To further explore the relationship between the entry stoichiometry and infectivity we performed additional studies with the subtype C strain CAP88 [43], which had the highest T and lowest infectivity within our panel (Fig. 1B, 1C and 2B). CAP88 is a transmitted/founder virus which carries a lysine (K) at position 160 of gp120, a site frequently targeted by neutralizing antibodies [44]. Among 4894 Env sequences deposited in the Los Alamos HIV Sequence Database asparagine (N) at position 160, as part of an N-linked glycosylation sequon, is with 93.3% the most prevalent residue at position 160 [45]. Loss of this glycosylation site is both associated with escape from PG9/PG16-like antibodies and decreased entry capacity [38], [46][48]. Supporting this we found that reconstitution of the N-linked glycosylation site (K160N) in CAP88 results in a 4-fold increase in virus infectivity (Fig. 5A and [38]) highlighting the importance of N160 for env functionality. To probe if the increased infectivity of the CAP88 K160N mutant may be due to changes in trimer structure and function that result in a reduction of T, we analyzed T of CAP88 wt and CAP88 K160N (S8A–S8B Fig.). Indeed, we found that the increased infectivity of CAP88 K160N is reflected by a decreased T (Fig. 5B and S8C Fig.). As this example highlights, changes in trimer structure inferred by naturally occurring mutations, possibly due to antibody escape, can result in a decreased entry capacity of the respective env, which in turn is reflected by an increase in the stoichiometry of entry.

thumbnail
Figure 5. Loss of the N160 glycosylation site in gp120 steers the stoichiometry of entry and virus infectivity.

(A) Titration of CAP88 wt (black) and CAP88 K160N (red) pseudoviruses on TZM-bl reporter cells. Data shown are mean and SD of luciferase reporter activity upon infection measured in 2 independent experiments. Inset: Infectivity comparison of CAP88 wt and K160N depicted as relative light units (RLU) of luciferase reporter activity per µl of pseudovirus stock upon infection of TZM-bl cells. The fold infectivity difference is indicated. (B) Estimates of T for the CAP88 wt and K160N variant. Mean and range of the individual estimates using the R508S/R511S and V513E dominant-negative mutations are shown.

https://doi.org/10.1371/journal.ppat.1004595.g005

Entry inhibitor escape mutations can increase the stoichiometry of entry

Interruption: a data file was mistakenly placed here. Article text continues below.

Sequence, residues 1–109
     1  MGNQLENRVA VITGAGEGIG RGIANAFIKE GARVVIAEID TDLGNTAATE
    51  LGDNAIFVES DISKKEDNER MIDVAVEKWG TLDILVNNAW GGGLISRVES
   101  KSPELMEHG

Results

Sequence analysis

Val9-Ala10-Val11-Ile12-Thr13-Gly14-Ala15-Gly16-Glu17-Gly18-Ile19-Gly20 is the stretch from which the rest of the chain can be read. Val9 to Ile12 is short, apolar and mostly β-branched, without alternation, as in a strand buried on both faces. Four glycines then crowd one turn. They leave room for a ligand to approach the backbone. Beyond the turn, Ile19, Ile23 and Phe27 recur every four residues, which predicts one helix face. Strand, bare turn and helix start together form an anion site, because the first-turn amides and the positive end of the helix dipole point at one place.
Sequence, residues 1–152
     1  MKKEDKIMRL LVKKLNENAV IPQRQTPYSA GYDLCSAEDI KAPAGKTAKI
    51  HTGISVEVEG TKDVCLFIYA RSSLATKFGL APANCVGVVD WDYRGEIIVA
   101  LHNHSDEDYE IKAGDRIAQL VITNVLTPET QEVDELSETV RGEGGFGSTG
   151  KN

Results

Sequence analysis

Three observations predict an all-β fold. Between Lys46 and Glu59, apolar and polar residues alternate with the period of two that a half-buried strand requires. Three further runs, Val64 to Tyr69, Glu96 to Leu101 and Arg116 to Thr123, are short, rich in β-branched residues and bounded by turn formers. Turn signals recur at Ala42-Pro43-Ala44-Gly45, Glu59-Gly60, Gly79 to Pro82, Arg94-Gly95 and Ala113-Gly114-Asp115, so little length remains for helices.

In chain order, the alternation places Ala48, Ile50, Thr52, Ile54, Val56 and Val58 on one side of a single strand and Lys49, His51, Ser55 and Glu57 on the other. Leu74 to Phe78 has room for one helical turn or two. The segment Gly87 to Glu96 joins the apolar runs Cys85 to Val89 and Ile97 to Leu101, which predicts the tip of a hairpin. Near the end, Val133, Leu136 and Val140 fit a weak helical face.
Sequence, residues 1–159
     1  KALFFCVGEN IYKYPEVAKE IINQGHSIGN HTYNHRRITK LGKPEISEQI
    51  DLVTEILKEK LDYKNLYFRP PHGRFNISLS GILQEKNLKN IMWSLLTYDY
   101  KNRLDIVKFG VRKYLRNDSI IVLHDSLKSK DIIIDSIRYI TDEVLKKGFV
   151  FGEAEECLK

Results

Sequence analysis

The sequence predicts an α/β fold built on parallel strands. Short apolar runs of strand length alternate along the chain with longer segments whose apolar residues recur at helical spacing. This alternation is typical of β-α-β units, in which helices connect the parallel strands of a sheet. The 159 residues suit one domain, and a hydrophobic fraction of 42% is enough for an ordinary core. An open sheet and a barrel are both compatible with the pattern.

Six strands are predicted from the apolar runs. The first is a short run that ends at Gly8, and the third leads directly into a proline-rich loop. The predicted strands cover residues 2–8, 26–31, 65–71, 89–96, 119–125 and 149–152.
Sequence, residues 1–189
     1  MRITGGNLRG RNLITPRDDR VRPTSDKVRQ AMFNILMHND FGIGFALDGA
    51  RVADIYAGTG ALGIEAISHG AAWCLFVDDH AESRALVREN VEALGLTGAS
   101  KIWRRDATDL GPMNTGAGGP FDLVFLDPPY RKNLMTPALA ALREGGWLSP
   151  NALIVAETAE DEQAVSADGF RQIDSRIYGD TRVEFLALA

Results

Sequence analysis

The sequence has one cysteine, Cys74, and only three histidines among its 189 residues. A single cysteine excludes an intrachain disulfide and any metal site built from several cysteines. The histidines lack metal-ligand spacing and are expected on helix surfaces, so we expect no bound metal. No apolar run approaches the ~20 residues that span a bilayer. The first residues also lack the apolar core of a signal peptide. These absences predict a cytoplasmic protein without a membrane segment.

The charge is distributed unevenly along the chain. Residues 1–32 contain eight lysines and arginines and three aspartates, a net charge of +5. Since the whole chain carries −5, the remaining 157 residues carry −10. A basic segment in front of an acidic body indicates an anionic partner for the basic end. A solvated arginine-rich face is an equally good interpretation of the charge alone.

The finding that a single point mutation in the CAP88 env could dramatically alter entry fitness and entry stoichiometry prompted us to further explore the influence of point mutations on env entry phenotype. To this end we selected three JR-FL variants mimicking resistance mutants as they may occur in vivo during neutralization escape: the JR-FL D664N escape mutant resistant to the MPER antibody 2F5, the JR-FL V549M N554D mutant which has a highly increased resistance against the entry inhibitor T-20 [49], and a JR-FL env with point mutations N332S P369L M373R and D664N rendering it resistant against the broadly neutralizing antibodies (bnAbs) PGT128, 2G12, b12 and 2F5 (S9 Fig.). While all three JR-FL variants showed similar mean virion trimer numbers as JR-FL wt, we observed differences in env infectivity with the 2F5 escape mutant infecting equally well as JR-FL wt whereas the T-20 and the multiple bnAb escape mutant env showed strongly reduced infectivity at 9% and 19% of JR-FL wt, respectively (Fig. 6A). When we compared the three escape mutant envs and JR-FL wt in the mixed trimer assays we observed a distinct curve shift for both dominant negative mutants of the T-20 escape variant (Fig. 6B), while the other three envs gave almost identical curves. Mathematical analysis of the data indeed revealed that the T-20 escape mutant requires 4 to 6 trimers for entry while all other mutants, like JR-FL wt, require 2 trimers (Fig. 6C). Hence, the T-20 escape mutant showed both, an increase in T and a loss in infectivity while the bnAb escape mutant env maintained T despite showing infectivity loss, confirming our earlier findings that viruses with the same T can still show a wide variation of infectivities (Fig. 2B). This can possibly be attributed to increased trimer decay rates or variations in CD4 and co-receptor engagement, especially since the bnAb escape mutant carried mutations in the CD4 binding site. Interestingly, the increased demand of the T-20 escape mutant for trimers during entry was also reflected in delayed entry kinetics of this env variant (Fig. 6D) [50]. These entry characteristics of the T-20 escape mutant are intriguing as the resistance mutations lie in the heptad repeat region of gp41 and interfere with six-helix bundle formation, which is a key step providing energy for membrane fusion during the entry process [51]. Thus, it is mechanistically plausible that the mutant env may require more trimers for entry to compensate for the disturbed six-helix bundle formation and generate sufficient energy to achieve membrane fusion.